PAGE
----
What stereotypes or hurdles have you had to overcome and how did you do it?
“Before I started training, I had two major injuries and some other health problems resulting in five surgeries in less than two years. I developed anxiety about my health and my body, and I was scared to do anything where I could get hurt again. A physical therapist recommended I go to Industrial Strength because of their approach to teach correct form and technique. I always feel safe at there and I trust the trainers to focus on injury prevention. Trusting that I’m unlikely to get hurt allows me to push myself so I can work toward being fit, strong, and brave. ” – Jessica
“”Women who lift get bulky”. “You are too old to start”. “Older people should take it easy”. “You’ll hurt yourself”. “Lifting hurts your joints”. I overcame those by starting and seeing results, which motivated me to keep going. Strength leads to more strength. I wish I’d started sooner, but I’ve more than made up for lost time. You are never too old and it’s never too late. Don’t listen to people who tell you to “take it easy”.” – Joanne
“Age is really just number (young or old), so don’t let anyone tell you otherwise! In my training, it translates to same thing. There will always be someone stronger, faster, younger than me so I just try and show up and be the best damn version of me that I can be on any given day. I try and remind myself to look for the wins no matter how small, to learn from the setbacks because that is how we improve and overcome, and to always find the joy in the journey no matter what!” – Sara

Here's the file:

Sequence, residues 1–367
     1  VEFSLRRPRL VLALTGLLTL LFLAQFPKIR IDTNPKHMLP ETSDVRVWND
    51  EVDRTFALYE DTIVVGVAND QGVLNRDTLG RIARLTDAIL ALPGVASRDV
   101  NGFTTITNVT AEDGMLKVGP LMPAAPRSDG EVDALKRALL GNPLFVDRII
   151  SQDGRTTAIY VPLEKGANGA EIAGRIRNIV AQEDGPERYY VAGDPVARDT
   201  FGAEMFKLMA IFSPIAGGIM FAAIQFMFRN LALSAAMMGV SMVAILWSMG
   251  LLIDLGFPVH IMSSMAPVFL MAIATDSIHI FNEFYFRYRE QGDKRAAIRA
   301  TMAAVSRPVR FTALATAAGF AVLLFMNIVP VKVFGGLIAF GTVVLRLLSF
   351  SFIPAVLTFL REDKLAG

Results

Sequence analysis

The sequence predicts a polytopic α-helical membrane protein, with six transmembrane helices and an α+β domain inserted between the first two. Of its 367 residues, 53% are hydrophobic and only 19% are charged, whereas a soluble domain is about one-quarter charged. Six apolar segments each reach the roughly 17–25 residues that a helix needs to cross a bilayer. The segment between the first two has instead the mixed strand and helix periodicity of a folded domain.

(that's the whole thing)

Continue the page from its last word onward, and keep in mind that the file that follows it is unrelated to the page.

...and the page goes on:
What is the one piece of advice you would give someone new to strength training?
“Take it one day at a time but most of all STICK WITH IT! You will have good days and you will have days where you feel that everything is harder, but each day you are improving and making progress! Results won’t be overnight but they can last a lifetime if you put in the work. Oh, and never ever, ever compare yourself to others. If/when I am feeling discouraged or have a setback, I just ask myself, am I better place than I was yesterday? That’s what counts!” -Sara
“Fortunately I started lifting at a time when it was becoming a lot more acceptable for women. However, I think there’s still a stereotype in our culture that there is something dangerous or socially inappropriate about a woman with big muscles. I think what bothers me more than stereotypes is the ever-changing in-fashion physique. Muscles are “cooler” now versus when I started lifting, but society’s focus is on how the muscles look, not how they function. I deal with these things by trying always to focus on function. If someone makes a comment about the way I look, I thank them and then turn the conversation to the BENEFITS I’m getting from exercise.” – Becca
“Believe in yourself. Find a good coach who will push you safely out of your comfort zone. Emphasize technique and quality.” -Joanne
And there you have it. 6 fine ladies and me who are all bad asses in their own way. They are moms, doctors, teachers, professionals, wives, friends and strong!
Thanks for the read.
–Coach Mira / Proud co-founder of Industrial Strength / Proud co-strong lady / Proud to be 49 next month.